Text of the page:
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How IT can prepare for VR, AR and MR in the enterprise

Jake Widman | Aug. 15, 2017
Virtual reality, augmented reality and mixed reality tools are coming to the workplace sooner than you think. Is your IT department ready?

Davies explains how helpful the latter would be when assembling waveguides in a satellite panel. “They look just like bent pieces of tubing,” he says, “and it can take a while to figure out which way it goes and how it mates. If we use AR to show that in 3D and it’s basically registered and overlaid on the panel, it becomes really quick and easy to understand how to install it.”

The 3D model comes from the CAD files created by the programs used to design the products. “We would just export it or convert it into the right format,” Davies says. “Sometimes we already have digital 2D tech instructions that are showing the 3D model, so we could bring those into the AR scene as well.”

For the company’s IT department, one of the biggest concerns is with putting the new devices on the network. “We have very stringent security requirements for what we allow on our network,” Davies says, “so when new devices come out from vendors — headsets or whatever — if it’s not running our enterprise load of Windows, it can’t go on the network. Even if it is, it’ll probably still have to go through a review.” To that end, the IT department is adding staff familiar with mobile device management and wearables.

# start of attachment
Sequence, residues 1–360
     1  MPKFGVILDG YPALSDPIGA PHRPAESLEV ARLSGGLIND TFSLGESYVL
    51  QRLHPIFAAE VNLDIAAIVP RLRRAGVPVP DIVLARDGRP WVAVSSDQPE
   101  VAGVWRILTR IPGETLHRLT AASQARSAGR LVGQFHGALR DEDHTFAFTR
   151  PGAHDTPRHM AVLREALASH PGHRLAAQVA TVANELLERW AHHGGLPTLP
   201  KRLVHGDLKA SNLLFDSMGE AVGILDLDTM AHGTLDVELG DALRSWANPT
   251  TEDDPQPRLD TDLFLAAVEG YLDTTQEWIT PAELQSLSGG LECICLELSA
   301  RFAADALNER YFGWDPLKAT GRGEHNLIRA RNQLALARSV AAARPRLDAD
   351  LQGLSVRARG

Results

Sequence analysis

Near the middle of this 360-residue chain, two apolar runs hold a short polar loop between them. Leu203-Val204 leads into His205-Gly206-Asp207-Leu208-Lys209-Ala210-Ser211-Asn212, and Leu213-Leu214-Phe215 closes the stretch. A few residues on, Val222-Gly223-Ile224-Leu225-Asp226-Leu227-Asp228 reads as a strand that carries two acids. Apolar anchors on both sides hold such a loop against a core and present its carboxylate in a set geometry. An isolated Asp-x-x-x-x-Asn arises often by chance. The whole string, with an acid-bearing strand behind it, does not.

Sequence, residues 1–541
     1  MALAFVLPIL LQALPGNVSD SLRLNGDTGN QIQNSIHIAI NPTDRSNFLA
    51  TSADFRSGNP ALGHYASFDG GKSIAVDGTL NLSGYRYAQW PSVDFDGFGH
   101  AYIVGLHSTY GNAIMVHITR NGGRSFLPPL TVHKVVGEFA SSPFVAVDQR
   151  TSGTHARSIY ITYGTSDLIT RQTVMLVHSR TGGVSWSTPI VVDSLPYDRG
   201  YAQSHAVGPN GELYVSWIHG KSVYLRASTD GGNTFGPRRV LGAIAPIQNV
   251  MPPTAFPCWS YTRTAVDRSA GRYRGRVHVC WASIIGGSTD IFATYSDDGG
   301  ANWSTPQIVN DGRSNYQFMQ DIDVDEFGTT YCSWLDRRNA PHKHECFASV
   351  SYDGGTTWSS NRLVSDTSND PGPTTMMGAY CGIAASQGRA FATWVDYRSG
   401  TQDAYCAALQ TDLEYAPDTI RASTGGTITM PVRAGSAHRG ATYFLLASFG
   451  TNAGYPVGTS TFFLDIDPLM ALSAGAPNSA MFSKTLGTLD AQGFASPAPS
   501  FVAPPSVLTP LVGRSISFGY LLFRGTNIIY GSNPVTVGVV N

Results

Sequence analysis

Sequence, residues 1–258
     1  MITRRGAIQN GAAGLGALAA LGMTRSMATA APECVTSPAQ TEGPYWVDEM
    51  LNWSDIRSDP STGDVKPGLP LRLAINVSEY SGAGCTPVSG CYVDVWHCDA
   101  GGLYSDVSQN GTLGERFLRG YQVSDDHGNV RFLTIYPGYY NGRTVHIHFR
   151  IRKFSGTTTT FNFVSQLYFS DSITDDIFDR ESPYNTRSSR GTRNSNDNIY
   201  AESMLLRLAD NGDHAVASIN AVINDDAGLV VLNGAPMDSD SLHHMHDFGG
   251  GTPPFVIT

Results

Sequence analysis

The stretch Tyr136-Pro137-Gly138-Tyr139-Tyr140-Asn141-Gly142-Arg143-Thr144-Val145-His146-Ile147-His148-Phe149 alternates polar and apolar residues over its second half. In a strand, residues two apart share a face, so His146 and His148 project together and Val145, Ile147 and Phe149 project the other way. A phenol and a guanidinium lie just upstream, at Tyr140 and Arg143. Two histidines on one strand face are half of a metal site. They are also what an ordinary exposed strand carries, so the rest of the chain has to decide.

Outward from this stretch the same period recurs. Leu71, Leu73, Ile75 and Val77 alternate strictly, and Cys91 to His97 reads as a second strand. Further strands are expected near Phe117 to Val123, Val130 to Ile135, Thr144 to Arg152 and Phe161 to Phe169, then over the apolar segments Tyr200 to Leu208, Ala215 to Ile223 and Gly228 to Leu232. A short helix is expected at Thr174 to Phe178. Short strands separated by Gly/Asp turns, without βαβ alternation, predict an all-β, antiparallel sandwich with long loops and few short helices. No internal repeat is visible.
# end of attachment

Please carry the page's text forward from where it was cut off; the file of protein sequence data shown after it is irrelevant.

Davies emphasizes that Boeing is still in the pilot phase. “We haven’t done the ROI, and we don’t claim to have saved any time or money or anything like that,” he says. “The purpose was for us to learn and figure out how we’re going to implement these things on a larger scale. We’ve done analytical studies and analysis of user groups, and we know what we think we can expect in terms of efficiency improvements.”


Case Western Reserve University: Studying virtual bodies

Sue Workman, CIO at Case Western Reserve University (CWRU), was not impressed with her initial experiences with virtual reality. “You put these glasses on, and the data comes to both of your eyes working separately rather than together. It was not very realistic, and it made you feel dizzy or even a little bit sick,” she recalls.

When Microsoft invited executives from Cleveland Clinic and CWRU to a demo of its HoloLens “mixed reality” devices in 2014, she expected more of the same. Instead, she came away excited for what HoloLens could do for her school’s curriculum.

“We’re building a health education campus with Cleveland Clinic,” she explains, a 485,000-square-foot building scheduled to open in 2019. “It will house our schools of medicine, nursing and dental medicine, including Cleveland Clinic’s Lerner College of Medicine.” The school didn’t want to include cadaver labs in the new building, so Workman had been looking for ways to teach anatomy without cadavers. The HoloLens MR technology projects 3D anatomic holograms into the room, where students can see them from all angles and interact with them, as shown in this video.


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